President Donald Trump on Friday afternoon signed an executive order aimed at “boosting retirement security” for everyday Americans.
The president signed the order during a public appearance in Charlotte at Central Piedmont Community College’s Harris Conference Center, where he was joined by Labor Secretary Alexander Acosta and Linda McMahon, administrator of the Small Business Administration.
The order calls on the Treasury Department to review and potentially update its rules establishing that individuals must begin making withdrawals from retirement accounts starting no later than six months after their 70th birthday. Additionally, President Trump also called on the Department of Labor (DOL) to consider the pros and cons of allowing small businesses to jointly offer retirement plans.
“This is such a big thing for American workers,” the president said. “We want to provide new retirement security to countless American workers and their families. We believe all Americans should be able to retire with confidence, dignity and economic security—provided you get out there and work a little bit, right?”
“Our goal is to lower the cost of retirement plans so that they can become an affordable option for businesses of all sizes,” Trump said. “Small businesses will no longer be at a competitive disadvantage. Reducing regulatory barriers allowing small businesses to band together to create low cost association retirement plans is such a big thing. They will have such strength to negotiate incredible deals, because they will have bigger numbers. We may even see small businesses make bigger plans than the large companies.”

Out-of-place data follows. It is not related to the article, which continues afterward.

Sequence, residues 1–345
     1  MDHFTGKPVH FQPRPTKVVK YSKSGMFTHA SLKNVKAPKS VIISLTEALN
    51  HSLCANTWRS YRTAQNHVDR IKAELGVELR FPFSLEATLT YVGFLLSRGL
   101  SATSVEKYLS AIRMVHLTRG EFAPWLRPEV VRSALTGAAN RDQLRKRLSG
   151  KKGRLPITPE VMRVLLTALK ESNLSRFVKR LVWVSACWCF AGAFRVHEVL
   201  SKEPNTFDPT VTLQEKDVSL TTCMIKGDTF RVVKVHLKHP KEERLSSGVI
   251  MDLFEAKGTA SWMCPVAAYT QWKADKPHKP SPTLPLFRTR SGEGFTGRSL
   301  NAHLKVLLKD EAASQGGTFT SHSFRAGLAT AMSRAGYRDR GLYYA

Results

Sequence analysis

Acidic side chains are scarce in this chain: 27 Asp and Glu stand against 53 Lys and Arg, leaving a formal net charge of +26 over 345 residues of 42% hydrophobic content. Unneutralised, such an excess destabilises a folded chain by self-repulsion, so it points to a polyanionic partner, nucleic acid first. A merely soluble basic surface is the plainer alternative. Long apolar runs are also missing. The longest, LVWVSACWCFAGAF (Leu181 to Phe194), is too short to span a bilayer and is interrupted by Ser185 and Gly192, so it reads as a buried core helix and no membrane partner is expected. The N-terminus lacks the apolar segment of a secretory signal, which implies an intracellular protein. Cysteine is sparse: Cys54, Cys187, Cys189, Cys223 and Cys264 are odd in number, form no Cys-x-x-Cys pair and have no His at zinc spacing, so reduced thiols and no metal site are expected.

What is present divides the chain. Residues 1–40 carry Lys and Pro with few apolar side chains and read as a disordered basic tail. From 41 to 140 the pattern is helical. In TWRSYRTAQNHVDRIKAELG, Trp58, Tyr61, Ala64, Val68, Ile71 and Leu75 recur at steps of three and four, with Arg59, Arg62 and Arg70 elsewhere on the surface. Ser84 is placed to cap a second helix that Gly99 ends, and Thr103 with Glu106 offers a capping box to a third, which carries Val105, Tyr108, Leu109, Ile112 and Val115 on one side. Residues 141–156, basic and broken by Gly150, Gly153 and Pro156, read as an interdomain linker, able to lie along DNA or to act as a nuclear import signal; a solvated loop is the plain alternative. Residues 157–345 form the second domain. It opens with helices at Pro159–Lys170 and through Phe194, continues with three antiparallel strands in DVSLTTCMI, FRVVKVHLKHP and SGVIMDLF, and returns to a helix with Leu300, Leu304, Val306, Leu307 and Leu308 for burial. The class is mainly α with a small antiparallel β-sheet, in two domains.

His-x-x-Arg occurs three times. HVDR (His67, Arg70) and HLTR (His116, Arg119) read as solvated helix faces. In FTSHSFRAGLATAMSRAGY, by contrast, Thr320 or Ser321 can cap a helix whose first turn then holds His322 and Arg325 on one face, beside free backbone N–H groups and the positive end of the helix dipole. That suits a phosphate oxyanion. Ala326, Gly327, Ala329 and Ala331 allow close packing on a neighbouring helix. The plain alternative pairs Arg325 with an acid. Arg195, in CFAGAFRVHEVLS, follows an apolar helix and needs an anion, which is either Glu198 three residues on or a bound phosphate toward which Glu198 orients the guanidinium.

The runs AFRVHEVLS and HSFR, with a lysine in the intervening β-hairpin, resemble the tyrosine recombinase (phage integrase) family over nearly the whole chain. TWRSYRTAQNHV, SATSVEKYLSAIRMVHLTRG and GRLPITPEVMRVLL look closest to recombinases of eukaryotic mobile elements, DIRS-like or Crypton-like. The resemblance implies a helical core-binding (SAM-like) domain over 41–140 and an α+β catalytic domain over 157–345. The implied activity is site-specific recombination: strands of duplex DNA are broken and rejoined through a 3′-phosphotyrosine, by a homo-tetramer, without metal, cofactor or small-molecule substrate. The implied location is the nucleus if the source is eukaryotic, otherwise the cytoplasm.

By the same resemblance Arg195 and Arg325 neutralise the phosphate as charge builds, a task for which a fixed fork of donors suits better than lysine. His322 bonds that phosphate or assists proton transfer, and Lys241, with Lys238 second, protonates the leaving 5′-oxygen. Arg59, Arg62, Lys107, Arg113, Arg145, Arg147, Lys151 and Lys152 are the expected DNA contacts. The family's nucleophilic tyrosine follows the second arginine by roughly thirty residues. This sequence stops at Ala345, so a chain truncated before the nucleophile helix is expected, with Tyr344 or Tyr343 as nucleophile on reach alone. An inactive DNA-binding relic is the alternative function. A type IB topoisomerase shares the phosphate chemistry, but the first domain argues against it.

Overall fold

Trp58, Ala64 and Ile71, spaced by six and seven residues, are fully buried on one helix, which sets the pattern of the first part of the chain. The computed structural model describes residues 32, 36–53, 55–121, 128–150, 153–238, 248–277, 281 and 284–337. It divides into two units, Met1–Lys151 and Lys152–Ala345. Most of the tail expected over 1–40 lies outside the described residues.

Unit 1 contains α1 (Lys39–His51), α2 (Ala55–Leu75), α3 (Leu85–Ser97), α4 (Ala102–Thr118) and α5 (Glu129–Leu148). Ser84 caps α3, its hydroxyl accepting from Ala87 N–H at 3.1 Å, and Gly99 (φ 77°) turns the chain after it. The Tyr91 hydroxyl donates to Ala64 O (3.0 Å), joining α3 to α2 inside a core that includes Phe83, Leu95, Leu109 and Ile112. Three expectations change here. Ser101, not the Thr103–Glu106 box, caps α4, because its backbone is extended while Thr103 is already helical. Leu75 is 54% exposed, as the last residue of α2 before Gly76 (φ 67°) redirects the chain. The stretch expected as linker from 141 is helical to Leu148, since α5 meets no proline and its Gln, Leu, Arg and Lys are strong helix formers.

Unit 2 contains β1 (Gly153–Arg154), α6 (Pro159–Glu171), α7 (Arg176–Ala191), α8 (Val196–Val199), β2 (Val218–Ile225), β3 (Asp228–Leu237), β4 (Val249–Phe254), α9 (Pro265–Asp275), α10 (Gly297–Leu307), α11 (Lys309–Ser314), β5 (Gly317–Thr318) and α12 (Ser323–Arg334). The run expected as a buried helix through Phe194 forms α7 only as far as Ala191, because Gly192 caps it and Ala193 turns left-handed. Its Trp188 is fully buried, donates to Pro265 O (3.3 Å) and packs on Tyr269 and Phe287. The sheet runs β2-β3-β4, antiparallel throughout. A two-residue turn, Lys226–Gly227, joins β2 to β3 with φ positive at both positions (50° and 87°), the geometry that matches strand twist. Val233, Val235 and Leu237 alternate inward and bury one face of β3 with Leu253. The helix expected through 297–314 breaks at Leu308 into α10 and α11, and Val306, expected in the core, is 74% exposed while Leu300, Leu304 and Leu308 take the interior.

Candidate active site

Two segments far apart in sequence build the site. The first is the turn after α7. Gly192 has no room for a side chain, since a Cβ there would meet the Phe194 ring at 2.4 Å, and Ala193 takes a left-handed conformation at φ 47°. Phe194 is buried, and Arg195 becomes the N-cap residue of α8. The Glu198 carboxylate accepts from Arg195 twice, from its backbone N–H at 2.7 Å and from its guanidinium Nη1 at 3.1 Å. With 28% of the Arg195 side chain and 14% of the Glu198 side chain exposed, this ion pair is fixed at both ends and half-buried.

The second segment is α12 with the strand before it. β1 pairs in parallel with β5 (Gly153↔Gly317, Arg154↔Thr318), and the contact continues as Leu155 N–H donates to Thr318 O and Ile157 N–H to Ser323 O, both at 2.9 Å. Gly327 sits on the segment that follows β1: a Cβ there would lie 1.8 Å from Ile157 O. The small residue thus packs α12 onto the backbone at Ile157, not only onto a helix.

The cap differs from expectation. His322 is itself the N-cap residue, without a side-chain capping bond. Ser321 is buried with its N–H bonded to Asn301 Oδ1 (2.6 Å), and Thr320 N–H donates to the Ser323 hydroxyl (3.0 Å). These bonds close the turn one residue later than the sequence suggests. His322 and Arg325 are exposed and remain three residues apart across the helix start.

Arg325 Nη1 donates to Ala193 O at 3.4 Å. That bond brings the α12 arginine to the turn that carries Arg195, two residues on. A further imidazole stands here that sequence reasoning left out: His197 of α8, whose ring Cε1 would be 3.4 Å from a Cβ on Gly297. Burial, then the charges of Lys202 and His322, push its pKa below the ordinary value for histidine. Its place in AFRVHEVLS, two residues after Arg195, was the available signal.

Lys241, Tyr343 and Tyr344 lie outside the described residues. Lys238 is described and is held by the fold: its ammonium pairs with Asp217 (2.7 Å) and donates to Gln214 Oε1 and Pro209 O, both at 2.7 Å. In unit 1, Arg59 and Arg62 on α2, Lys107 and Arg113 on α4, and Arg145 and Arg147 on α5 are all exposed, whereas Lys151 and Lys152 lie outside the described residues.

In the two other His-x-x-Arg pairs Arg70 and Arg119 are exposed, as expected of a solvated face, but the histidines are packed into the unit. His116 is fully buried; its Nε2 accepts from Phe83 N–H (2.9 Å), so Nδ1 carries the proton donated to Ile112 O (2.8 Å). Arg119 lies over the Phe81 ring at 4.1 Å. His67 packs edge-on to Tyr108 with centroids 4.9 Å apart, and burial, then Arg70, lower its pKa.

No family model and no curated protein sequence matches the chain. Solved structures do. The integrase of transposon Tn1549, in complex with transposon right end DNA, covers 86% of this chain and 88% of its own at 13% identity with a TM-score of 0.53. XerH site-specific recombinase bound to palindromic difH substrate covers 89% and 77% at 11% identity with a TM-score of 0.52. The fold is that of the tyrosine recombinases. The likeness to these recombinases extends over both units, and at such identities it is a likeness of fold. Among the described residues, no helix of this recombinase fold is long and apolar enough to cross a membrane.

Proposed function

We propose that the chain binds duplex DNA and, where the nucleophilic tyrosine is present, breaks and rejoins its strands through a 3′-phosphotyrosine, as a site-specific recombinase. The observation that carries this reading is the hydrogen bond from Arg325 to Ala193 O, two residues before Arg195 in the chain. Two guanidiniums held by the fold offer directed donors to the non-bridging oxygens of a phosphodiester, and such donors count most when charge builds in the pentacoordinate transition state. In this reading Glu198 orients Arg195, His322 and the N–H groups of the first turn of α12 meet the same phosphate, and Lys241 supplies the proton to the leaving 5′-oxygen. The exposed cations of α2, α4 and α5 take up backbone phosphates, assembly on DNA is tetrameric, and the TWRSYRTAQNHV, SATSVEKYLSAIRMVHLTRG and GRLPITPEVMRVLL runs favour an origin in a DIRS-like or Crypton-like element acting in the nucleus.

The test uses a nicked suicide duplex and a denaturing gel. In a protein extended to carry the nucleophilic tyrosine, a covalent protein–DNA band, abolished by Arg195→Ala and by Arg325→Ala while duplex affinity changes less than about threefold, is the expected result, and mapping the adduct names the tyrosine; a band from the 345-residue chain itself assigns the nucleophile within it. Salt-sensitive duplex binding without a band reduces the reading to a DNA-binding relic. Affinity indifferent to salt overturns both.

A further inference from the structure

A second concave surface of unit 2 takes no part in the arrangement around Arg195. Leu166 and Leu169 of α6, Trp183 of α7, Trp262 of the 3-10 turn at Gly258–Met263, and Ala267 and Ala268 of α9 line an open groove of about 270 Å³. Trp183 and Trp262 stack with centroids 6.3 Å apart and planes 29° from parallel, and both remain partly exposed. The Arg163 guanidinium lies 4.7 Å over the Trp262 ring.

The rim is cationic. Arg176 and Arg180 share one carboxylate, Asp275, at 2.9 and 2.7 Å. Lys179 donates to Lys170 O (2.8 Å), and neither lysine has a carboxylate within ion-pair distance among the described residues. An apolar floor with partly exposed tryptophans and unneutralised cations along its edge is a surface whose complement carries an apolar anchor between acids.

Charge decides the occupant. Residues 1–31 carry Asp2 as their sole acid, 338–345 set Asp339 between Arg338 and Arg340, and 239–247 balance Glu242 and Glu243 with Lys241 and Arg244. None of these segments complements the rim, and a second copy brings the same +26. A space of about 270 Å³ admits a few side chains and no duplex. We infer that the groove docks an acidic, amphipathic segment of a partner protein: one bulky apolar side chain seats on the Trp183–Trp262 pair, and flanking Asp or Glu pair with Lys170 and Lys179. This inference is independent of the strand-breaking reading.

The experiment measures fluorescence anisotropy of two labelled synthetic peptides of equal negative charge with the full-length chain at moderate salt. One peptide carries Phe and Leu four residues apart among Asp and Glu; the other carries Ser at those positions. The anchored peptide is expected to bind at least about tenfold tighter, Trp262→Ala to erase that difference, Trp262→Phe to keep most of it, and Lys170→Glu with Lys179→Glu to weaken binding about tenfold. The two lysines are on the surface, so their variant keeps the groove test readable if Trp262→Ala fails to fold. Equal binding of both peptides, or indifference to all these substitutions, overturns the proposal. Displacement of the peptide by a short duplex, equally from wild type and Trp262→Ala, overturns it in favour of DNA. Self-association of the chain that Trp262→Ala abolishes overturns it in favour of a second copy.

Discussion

Speaking after the president, Labor Secretary Alexa Acosta said “401(k) plans have a proven record, but one-third of the private workforce does not have access to these plans. Most small business employers simply cannot, on their own, provide access to the highest quality retirement plans.” He said the DOL will work diligently on solving this issue.
In the common parlance of the 401(k) plan industry, such joint 401(k) plans are referred to as “MEPs” or “open multiple employer plans.” The term “pooled employer plans” is also common. In a conference call with reporters offered to preview the executive order, DOL leaders suggested their department historically has discouraged unrelated businesses from collaborating on open MEPs because of the potential for abuse. But shifts in broader industry compensation and reporting best practices have brought significantly greater transparency to the retirement plan industry, making this an appropriate time to reconsider the prohibition against open MEPs.
Industry stakeholders have been calling loudly for greater use of open MEPs as one of the primary ways to address the retirement plan coverage gap. While there has been less discussion of the RMD issue, it is also a timely matter for today’s retirees. In fact, 68% of retirees are only taking the required minimum distributions (RMDs) from their retirement accounts, Ameriprise Financial recently found in a survey of more than 1,000 retirees with at least $100,000 in investable assets.